Yuuichi Suzumoto is a master storyteller. I know that much from Planetarian, but I never expected so much of the same personality and style of writing to carry over to this route.
I don’t remember much about Kotomi from the anime, save some of the small liberties KyoAni did to make the route less romance-focused. To be frank, if you strip the romance from this route, it bears an almost uncanny resemblance to Little Busters in terms of themes. Kotomi learning how to step outside her comfort zone and learn how to be friends with other people is a major part of the story, and I wouldn’t be surprised if Maeda was so impressed by how it turned out that he made a whole VN like it.
But Kotomi’s route extends far beyond the themes of friendship and family, stretching into themes that by now exemplify Suzumoto’s work. Religious parallels are all over the place, but their execution is far from haphazard. In actuality, it’s almost perfect, and it contains a lot of what I value a great deal in literature today: truth. Suzumoto teaches us through subtle, natural language that knowledge is a powerful and helpful tool, but sometimes the truth that eludes even the most learned scholars is simpler than we think. In the same vein, there is as much beauty in simplicity as there is in complexity. It’s something that people tend to rediscover as they strive to achieve personal goals, feeling immense pressure to strive for something greater and of higher understanding when the answer was there all along.
Kotomi’s personal dilemma lies in her conflicting goals; she desires to achieve the same lofty academic understanding and reputation her parents had, while at the same time striving to do what she really wants to do. We see that her desire to atone for destroying her parents’ legacy is a far stronger motive, but over the course of the story she grows attached to the friends she made and the talents she built. It’s real character development, something quite difficult to come across in a lot of Key routes.
If anything, though, the biggest reason I like this route is how TomoyaYou develops as a character. As he grows closer to Kotomi, he starts to value school, the Drama Club, and of course, the town just a little bit more. He starts coming to school on time and paying attention a bit in classes, even if it’s just to meet Kotomi in the library at lunchtime. He grows attached to the Drama Club and its antics, even if it’s just to help Kotomi make friends and flex her creative muscles. He throws away his savings to fix her yard up, just to get Kotomi to come back to school. The amount of dedication he places in her welfare is both staggering and admirable, even if it won’t carry into the other routes.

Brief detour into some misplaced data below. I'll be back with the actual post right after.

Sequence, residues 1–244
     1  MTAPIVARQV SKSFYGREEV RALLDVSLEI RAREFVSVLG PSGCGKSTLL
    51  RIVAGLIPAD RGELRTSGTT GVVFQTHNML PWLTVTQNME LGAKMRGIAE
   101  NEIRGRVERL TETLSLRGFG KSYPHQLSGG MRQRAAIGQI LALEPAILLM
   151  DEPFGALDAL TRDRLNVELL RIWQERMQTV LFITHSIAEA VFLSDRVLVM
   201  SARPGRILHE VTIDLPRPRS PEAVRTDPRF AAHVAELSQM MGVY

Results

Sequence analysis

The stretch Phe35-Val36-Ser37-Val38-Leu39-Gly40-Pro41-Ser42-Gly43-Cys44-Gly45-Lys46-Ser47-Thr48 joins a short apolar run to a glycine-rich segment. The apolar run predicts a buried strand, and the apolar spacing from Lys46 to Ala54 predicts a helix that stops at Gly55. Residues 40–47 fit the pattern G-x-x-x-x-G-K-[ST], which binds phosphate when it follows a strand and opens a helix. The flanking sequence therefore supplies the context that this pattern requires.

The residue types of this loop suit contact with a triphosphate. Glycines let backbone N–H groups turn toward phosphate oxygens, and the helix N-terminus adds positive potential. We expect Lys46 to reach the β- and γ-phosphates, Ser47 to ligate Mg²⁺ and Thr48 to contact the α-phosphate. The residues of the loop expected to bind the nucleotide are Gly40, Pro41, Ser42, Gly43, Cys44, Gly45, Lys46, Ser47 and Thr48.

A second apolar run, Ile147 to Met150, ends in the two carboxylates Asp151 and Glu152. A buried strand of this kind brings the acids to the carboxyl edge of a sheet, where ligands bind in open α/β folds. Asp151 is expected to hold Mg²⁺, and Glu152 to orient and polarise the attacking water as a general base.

Since I am technically going by the Kaza-sanctioned route order, this route introduces the piece ‘To the Same Heights’, a somber piano piece composed by Jun Maeda. Like a good deal of Maeda’s pieces, the emotions it carries are complex, but not in the same way a piece like Natsukage or Nagisa is. On the surface, it conveys a feeling of warmth, perhaps from the embrace of a loved one. But given the context of Kotomi’s route, I feel it conveys a feeling of warmth from knowing that even if a loved one has passed on, their warmth and presence can still be felt. It’s a beautiful piece, up there with the aforementioned pieces Maeda composed.
I’m glad I spent so much time reading this route. I don’t think it’s perfect (Kotomi’s voice actress bothers me a bit, there’s a small problem with how the ending handles the religious themes, etc.) but I still give it a five because it’s still exceptionally well-written. Granted, Yukine set the bar pretty high already, so maybe the next few routes will be going a bit downhill? Who can tell, save I seek out the truth for myself?
Now, who’s next?
EDIT (07/07/16): For the K.E.Y.:
CLANNAD had many amazing routes in it, but the one that stuck with me the most was Kotomi. It feels like the prototype of Little Busters in terms of how memorable the characters are and how entertaining yet thought-provoking the story is. Even Tomoya experiences a small bit of character development in this route, something other routes wish they could have. Themes of family, friendship and the development of oneself help carry the route, but it does something only Planetarian would ever try to accomplish. That is, it tries to answer questions that go beyond our understanding.
The inspired truth this route carries is one of the strongest points of Kotomi’s route to me. Holding on to the hope that someone benevolent as well as omnipotent is watching over us is not an easy task. Kotomi’s faith is constantly tested, and there are times when circumstances cause her faith to waver, and she becomes lost trying to redeem her mistakes. The last part of the story is magical to me because despite all that’s happened to her, someone who loves her always watched over her. It makes me sad that Yuuichi Suzumoto is no longer with Key, because I would love to see an after story for Kotomi.